At the end of the 18th century Europe suffered one of the worst subsistence crises of the Little Ice Age. The disastrous fatality of this „double” catastrophe was a result of both climate and culture. The effects of earth and famine were felt throughout Europe and claimed hundreds of thousands of lives. The crisis initiated mass migration, discrimination and bouts of antisemitism but also political reform, early humanitarianism and new fields of science. It linked the revolts of the Steelboys in Ireland with the absolutist coup in Sweden and the bourgeois reform movements in Saxony. Dominik Collet draws on these crises to trace, how climate anomalies have been “socialised” in the past and to highlight the surprising plurality of societal responses.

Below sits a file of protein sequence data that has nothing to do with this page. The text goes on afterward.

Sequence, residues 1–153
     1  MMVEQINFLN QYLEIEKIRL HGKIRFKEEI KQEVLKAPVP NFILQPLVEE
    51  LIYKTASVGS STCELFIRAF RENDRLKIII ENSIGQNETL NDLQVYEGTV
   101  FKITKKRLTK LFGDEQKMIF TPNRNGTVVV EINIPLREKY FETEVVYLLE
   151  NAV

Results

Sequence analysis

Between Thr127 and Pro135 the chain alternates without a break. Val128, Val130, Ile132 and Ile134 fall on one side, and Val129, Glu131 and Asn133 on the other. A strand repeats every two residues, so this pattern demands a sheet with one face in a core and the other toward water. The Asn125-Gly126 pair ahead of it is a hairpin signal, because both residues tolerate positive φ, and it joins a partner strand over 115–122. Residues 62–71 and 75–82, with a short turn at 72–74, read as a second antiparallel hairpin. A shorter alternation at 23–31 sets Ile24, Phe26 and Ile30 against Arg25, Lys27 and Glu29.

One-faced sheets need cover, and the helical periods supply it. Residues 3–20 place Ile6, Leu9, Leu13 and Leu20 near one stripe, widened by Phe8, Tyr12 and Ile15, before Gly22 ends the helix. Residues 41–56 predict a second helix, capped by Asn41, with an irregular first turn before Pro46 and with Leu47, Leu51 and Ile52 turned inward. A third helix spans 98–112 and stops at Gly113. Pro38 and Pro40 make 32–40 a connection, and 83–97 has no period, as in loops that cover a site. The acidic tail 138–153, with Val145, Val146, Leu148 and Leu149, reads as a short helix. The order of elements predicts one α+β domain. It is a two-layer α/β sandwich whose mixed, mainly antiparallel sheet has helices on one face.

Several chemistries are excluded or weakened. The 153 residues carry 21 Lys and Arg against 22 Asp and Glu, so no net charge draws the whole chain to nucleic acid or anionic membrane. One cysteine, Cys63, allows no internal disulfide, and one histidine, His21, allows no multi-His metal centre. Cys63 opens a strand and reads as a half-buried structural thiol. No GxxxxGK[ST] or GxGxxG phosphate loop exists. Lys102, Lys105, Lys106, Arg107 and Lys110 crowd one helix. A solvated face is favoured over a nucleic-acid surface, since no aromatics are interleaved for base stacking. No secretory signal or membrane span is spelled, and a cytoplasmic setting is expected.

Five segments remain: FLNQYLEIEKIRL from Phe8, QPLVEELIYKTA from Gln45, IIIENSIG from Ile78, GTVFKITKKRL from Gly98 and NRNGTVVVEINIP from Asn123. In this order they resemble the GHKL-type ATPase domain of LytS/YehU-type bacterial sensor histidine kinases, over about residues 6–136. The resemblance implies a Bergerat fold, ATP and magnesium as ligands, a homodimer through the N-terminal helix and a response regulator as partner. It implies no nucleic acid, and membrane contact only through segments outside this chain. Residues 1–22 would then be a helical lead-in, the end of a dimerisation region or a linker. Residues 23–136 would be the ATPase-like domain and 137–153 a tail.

His book calls for a socionatural approach to writing history. It narrates an entangled history of environment and society that pursues the links between short-term events and long-term, socio-ecological structures. Due to these interconnections the crisis of the 1770s reveals the deeper, underlying conflicts of the affected societies in the fields of economy, ecology and governance. They reveal the inherent vulnerability of Europe’s “grain societies” and sketch the actions of governments, subjects and “experts”. In this complex environment catastrophes constitute both social and natural disasters. The study challenges social and climatic determinism and illustrates that more dynamic connections of climate and culture are both necessary and feasible. It calls for a fresh perspective that – instead of separating nature and culture – treats nature as history.